Tue, May 03, 2011 - Page 1 News List

Leaders hail death, but fear revenge


Euphoria over the killing of Sept. 11 mastermind Osama bin Laden was tempered in the West yesterday by fears of retaliation, while world leaders and security experts urged renewed vigilance against attacks.

Interpol predicted a heightened risk and called for extra vigilance in case followers sought revenge for the killing of the man who became the global face of terror, even if he no longer had tactical control of al-Qaeda actions.

French President Nicolas Sarkozy hailed the killing as a coup in the fight against terrorism, but both he and French Foreign Minister Alain Juppe said it did not spell al-Qaeda’s demise.

“The scourge of terrorism has undergone a historic defeat, but this is not the end of al-Qaeda,” Sarkozy said.

British Prime Minster David Cameron also said the West would have to be “particularly vigilant” in the weeks ahead.

Some security experts fear the 10th anniversary of the Sept. 11 attacks could further incite al-Qaeda supporters.

“Whilst we in the West might have the satisfaction of justice having been dealt to a terrorist, many will still see Osama bin Laden as a martyr. Make no mistake: violent jihadists will react to this,” Julian Lindley-French of London’s Chatham House think tank said.

Roland Jacquard, head of the International Terrorism Observatory in Paris, said the US would be targeted.

“The way in which he was killed, by a military commando, shows this will have important consequences for the future. It will be a call for jihad, he will remain a very real-life martyr for the rest of the organization,” Jacquard said.

Already yesterday, Islamic militants hinted at revenge.

“Oh God, please make this news not true ... God curse you Obama,” one message on an Arabic language forum said. “Oh Americans ... it is still legal for us to cut your necks.”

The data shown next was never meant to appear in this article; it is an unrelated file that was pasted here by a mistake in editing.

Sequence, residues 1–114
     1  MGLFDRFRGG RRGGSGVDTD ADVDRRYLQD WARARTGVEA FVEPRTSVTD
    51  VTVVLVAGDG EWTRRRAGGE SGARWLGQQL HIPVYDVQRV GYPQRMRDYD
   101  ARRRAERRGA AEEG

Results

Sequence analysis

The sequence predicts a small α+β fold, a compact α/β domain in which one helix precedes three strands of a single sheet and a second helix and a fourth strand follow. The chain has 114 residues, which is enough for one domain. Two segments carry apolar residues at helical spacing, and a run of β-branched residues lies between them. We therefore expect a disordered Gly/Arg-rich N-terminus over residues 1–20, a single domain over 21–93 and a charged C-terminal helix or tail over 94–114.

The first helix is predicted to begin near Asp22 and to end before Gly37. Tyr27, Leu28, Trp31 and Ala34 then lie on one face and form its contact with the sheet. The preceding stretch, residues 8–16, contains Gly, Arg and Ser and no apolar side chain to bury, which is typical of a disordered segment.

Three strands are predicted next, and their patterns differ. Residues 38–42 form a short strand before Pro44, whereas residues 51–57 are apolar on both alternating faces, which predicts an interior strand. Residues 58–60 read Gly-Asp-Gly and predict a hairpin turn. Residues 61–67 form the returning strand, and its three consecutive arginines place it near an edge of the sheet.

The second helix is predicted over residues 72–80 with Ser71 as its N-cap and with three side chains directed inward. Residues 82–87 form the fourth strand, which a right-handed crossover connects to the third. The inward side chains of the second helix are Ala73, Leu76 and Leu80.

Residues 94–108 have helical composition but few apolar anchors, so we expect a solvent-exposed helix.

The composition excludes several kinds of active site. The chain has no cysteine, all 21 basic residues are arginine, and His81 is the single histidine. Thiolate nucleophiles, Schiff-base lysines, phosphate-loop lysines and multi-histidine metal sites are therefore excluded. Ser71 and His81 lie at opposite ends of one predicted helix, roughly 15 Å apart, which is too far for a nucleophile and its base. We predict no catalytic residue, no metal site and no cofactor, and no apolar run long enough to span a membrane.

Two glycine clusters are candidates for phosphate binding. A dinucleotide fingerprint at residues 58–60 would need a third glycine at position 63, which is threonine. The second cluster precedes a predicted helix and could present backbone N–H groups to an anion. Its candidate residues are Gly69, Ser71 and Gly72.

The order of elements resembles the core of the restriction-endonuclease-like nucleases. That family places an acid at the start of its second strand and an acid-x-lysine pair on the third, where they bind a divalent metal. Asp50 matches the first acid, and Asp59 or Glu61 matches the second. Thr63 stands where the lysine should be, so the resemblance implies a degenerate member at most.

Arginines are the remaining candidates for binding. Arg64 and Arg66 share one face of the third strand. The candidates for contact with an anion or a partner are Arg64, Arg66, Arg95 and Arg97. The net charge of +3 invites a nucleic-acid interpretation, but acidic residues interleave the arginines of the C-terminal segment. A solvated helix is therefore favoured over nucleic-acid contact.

France has been on red alert, the third-highest level in a four-step scale, since suicide bomb attacks in London in 2005 and has been especially vigilant since bin Laden criticized the country’s attitude toward Muslims in October last year.

Meanwhile, Saudi Arabia, the country of bin Laden’s birth, hopes his killing will help the international fight against terrorism and stamp out the “misguided thought” behind it, the Saudi state news agency said yesterday.

“An official source expressed the hope of the kingdom of Saudi Arabia that the elimination of the leader of the terrorist al-Qaeda organization would be a step toward supporting international efforts aimed at fighting terrorism,” the news agency said.

It added that Riyadh hoped that bin Laden’s demise would also help break up al-Qaeda cells and eliminate the “misguided thought” that drives militancy.

The Saudi comments broke a near-silence that officials of Gulf Arab states had maintained after news emerged of bin Laden’s death.

Yemen, bin Laden’s ancestral Arabian Peninsula homeland, echoed Saudi sentiments, calling his killing a “monumental milestone in the ongoing global war against terrorism” in a statement issued by its embassy in Washington.

A Yemeni official, speaking on condition of anonymity, previously said Sana’a hoped the killing would “root out terrorism throughout the world.”

Iran said yesterday the death of bin Laden has removed “any excuse” for the US and its allies to deploy forces in the Middle East under the pretext of fighting terrorism.

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